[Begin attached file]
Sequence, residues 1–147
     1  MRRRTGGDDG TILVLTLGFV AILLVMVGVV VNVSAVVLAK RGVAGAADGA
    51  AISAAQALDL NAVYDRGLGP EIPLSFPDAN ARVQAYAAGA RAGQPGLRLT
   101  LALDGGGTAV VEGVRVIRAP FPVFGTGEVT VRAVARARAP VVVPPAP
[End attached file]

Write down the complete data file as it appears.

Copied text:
Sequence, residues 1–147
     1  MRRRTGGDDG TILVLTLGFV AILLVMVGVV VNVSAVVLAK RGVAGAADGA
    51  AISAAQALDL NAVYDRGLGP EIPLSFPDAN ARVQAYAAGA RAGQPGLRLT
   101  LALDGGGTAV VEGVRVIRAP FPVFGTGEVT VRAVARARAP VVVPPAP